When COVID became a valid and not passing threat, I became nervous. Suddenly, I was not able to see people, and I was afraid of not only how physically this virus would affect the world and my family’s safety, but also how this would affect my ability to decompress and enjoy life. I also have difficulty as do many people with “the unknown” – how long will this last? When can I resume normal activity? When will I stop feeling so worried? All the while, worrying about the extreme effects of the virus on people’s physical and mental health. The lack of physical connection with others felt strange and unnerving. I began to think about my son’s lack of exposure to people – adults and children – and how this would affect his growth and development.  pandemic stress

     Obviously, the effects of COVID have been and will continue to be long lasting. Over a year later, even as things shift toward “normalcy”, nothing is the same, including ourselves. But I have learned far more about myself in the past year than ever. Some of this was difficult to learn – does my self esteem revolve around my relationship with others? How can I learn to create more peace inside myself, by myself? I also realized I was taking my relationships for granted – not reaching out to people as much as I could have, “knowing” that I would eventually run into them or that there would be another time to see them. Learning to live without seeing the most important people in my life face to face was more difficult than I could have imagined, but it taught me the importance of staying connected, and enjoying a “simpler life”. I did more cooking, less take out. We spent a lot of time in our yard and I became more creative with the activities I planned for my son. We took walks every day and I met neighbors I hadn’t seen before even after two years of living on the street. I even learned how much my husband enjoys quiet family time, something that I had never thought to discuss with him, as my zest for planning events and being on the move overshadowed checking in with him. I have certainly had to be more creative with how I get my needs met as a “Helper” and an “Explorer”, and I struggled with this. I struggled between acceptance of a new way of life, and wanting to revolt against it. every day I would check to see whether the “fight against covid” had made any progress. And gradually, I began to see glimmers of positivity about this new way of life. It made me more thankful for my family, for my job, for being able to help others through this time. It gave me a sense of purpose to be given the privilege of going into work and being able to provide in person care. And I was able to spend time with my son and pay more attention to his needs. Finding out more about my personality traits, whether they are working for or against me in different situations, combined with the pandemic,  has given me a perspective that has been eye opening and rewarding.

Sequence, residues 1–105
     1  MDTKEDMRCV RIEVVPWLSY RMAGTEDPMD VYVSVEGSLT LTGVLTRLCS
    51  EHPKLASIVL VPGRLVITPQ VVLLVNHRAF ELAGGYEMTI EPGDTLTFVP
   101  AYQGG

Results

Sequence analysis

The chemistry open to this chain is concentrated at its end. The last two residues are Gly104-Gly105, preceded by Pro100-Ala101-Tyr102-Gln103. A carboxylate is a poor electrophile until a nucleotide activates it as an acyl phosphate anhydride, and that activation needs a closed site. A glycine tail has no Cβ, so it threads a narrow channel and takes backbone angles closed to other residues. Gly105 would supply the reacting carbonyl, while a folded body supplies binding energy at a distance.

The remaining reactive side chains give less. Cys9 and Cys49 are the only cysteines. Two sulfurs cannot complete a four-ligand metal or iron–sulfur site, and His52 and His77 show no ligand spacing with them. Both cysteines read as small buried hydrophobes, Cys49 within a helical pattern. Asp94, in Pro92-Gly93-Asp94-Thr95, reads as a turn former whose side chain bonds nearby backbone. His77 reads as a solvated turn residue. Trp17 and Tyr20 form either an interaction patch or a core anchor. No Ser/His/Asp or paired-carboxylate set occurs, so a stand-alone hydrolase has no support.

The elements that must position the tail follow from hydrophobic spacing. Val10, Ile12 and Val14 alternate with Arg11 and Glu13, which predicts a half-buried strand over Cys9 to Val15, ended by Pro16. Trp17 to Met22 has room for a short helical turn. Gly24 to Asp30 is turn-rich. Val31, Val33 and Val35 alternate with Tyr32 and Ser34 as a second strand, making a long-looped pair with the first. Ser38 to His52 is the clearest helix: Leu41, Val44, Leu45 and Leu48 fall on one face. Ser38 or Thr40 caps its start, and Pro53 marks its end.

By: KC Hespeler